Twin typhoons set to batter mainland
Lawrence Chung in Taipei and Fiona Tam
The first of two typhoons struck the east coast last night, with another set to make landfall early today, threatening devastation inland.
Typhoon Damrey struck Xiangshui county, Jiangsu province, north of Shanghai, at 9.30pm, Xinhua reported. Typhoon Saola is expected to make landfall between the southeastern cities of Ningde in Fujian and Wenzhou in Zhejiang .
Saola pounded Taiwan yesterday with fierce winds and torrential rain that killed at least five people and forced the shutdown of almost the entire island. At least two other people were still missing.
The storm struck the island from the east, first hitting the largest county, Hualien, and triggering heavy rain and mudslides as it moved north, forcing more than 1,500 people to flee their homes.
Most schools and businesses were closed, and financial markets halted trading.
More than 250 domestic and international flights, including some to and from Hong Kong and Japan, were cancelled or delayed.
Rail traffic was also paralysed across most of the island due to rising floodwaters, the island's Central Emergency Operation Centre said.
Television footage showed the water level was waist high in low-lying areas, where the military and local authorities scrambled to help flood victims to safety.
The five killed included the head of a police precinct in New Taipei City who fell into a roaring mountain stream while on patrol.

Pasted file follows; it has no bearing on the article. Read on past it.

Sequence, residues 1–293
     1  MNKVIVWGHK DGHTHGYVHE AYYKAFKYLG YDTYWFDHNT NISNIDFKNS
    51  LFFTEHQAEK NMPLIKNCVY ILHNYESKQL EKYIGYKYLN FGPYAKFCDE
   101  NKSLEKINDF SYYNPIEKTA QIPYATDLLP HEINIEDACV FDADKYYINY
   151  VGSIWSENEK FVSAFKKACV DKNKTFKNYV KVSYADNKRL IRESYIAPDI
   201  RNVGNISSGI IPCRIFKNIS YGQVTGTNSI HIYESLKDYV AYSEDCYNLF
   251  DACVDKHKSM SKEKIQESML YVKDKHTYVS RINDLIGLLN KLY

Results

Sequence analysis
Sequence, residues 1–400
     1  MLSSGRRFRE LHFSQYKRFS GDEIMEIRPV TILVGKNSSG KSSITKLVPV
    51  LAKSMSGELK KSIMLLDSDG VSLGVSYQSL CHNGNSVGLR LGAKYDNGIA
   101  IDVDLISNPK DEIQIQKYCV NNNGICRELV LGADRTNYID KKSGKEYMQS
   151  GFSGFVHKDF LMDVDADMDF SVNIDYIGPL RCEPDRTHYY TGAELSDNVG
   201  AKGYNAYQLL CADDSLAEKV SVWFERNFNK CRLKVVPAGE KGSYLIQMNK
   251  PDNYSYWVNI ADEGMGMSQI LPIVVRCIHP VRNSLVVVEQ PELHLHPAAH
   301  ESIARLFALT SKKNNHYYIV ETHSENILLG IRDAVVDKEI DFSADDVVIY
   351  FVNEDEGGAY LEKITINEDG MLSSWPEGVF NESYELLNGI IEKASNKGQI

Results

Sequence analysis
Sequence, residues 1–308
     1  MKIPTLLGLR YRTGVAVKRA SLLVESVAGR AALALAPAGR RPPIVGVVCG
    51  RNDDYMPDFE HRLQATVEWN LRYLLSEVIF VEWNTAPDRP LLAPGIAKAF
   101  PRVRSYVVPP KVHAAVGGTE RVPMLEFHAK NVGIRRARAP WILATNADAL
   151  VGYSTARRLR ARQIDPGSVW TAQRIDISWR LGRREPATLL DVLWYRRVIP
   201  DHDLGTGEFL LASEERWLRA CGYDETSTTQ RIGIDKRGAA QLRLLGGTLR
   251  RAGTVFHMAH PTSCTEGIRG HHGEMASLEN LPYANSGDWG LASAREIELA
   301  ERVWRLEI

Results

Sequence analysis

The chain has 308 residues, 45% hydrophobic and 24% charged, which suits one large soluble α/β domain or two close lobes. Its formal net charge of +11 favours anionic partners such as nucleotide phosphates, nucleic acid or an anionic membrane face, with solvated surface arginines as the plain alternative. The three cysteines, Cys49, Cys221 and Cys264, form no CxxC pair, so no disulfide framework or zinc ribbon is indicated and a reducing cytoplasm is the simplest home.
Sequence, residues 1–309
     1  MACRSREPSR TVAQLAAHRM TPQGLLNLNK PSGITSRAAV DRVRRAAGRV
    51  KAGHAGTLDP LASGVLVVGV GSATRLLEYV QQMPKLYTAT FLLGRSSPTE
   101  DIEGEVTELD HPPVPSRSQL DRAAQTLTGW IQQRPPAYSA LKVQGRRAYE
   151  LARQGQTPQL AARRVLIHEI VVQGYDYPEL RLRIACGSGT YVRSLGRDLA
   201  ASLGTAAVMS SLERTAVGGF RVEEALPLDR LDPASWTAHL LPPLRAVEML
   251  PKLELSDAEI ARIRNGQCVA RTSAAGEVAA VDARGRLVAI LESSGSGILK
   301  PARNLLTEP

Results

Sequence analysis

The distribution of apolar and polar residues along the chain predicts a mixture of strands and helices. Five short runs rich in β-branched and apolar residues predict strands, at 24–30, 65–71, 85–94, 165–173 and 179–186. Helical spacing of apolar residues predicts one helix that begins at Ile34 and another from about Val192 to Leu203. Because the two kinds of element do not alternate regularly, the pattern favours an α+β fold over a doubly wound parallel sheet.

Three residents were also buried alive by mudslides in north and northeastern Taiwan, and a motorcyclist died after crashing into a tree that was blown over.
The two reported missing were a resident who was washed away by floodwaters in central Taiwan, and a person unaccounted for in a mudslide in the northeast. The centre added that 15 more were injured.
With Saola barrelling down on the mainland, more than 60,000 fishermen were evacuated from Fujian, cross-strait ferry services were suspended and flights cancelled.
In Fujian, more than 25.5 million text messages were sent to the public to warn them of Saola, the China News Service reported.
Jiangsu evacuated 56,000 people who work at sea or on the Yangtze River and another 50,000 who live along the coast, Xinhua reported.
With the storms bearing down, the China Meteorological Administration issued this year's first red typhoon warning, the highest alert.
The Office of State Flood Control and Drought Relief headquarters warned that the typhoons could cause floods and mud- or rockslides in more than 10 inland provinces, including Jiangxi , Anhui and Henan .
Authorities warned that the fierce winds and torrential rain were likely to persist for about four days.
Premier Wen Jiabao told local authorities on Wednesday to be on the highest alert to prevent deaths and prepare for potential flooding in urban areas, after at least 77 people were killed in a torrential rainstorm in Beijing last month.
In Shanghai, at least 125 low-lying motorways or underpasses where vehicles could be submerged during heavy rain were being monitored.